Tuesday, September 13, 2005

A Voice From the Past

"The railroad embankment was gone and the man who had cowered behind it and finally, when the water came, clung to the rails, were all gone with it. You could find them face down and face up in the mangroves. The biggest bunch of the dead were in the tangled, always green but now brown, mangroves behind the tank cars and the water towers. They hung on there, in shelter, until the wind and the rising water carried them away. They didn't all let go at once but only when they could hold on no longer. Then further on you found them high in the trees where the water had swept them. You found them everywhere and in the sun all of them were beginning to be too big for their blue jeans and jackets that they never fill when they were on the bum and hungry."

This isn't writing from the Katrina disaster but an extract of "Who Murdered the Vets? A First Hand Report of the Florida Hurricane" written by Ernest Hemingway for the The Masses in 1935. In simple prose, Hemingway, full of class rage, describes the different ways the rich and the poor prepare for the hurricane and the horrid destruction and death wrought by the cane afterwards.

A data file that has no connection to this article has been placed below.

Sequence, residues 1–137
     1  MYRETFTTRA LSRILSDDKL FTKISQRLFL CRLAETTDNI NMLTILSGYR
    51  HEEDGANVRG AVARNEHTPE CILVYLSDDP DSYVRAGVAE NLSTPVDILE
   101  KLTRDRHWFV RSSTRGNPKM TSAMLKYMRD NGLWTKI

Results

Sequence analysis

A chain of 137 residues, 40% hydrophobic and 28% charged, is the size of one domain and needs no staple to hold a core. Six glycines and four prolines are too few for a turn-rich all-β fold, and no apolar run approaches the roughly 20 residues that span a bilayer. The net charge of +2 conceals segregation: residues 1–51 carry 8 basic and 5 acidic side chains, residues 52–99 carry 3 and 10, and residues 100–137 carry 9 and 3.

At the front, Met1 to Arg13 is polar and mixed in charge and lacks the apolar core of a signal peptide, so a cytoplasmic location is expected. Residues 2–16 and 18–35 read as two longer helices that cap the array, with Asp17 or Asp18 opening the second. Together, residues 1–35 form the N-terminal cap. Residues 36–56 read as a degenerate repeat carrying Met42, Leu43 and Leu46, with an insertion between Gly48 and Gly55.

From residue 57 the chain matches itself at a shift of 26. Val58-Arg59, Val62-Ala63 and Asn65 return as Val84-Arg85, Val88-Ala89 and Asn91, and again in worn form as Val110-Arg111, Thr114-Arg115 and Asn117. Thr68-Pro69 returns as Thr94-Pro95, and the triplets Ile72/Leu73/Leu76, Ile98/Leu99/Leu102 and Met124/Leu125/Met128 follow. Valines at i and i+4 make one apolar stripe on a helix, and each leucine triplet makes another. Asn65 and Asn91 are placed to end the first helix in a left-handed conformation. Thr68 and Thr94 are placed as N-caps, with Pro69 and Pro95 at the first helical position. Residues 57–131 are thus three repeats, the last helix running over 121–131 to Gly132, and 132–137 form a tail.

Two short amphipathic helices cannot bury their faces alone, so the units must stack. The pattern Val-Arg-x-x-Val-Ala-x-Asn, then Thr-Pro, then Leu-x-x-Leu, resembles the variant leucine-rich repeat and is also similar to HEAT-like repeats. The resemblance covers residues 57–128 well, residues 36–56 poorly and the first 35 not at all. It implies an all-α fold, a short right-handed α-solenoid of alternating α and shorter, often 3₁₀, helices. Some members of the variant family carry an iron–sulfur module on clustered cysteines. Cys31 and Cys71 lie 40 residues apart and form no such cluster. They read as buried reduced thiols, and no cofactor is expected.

After reading it, you'll get the sense that George Santayana was on to something to declare, " Those who cannot remember the past are condemned to repeat it." Yet, after the Bush Administration and the locals' response to Katrina, it should be revised to "Those in government who are indifferent to the past condemn their citizens to repeat it."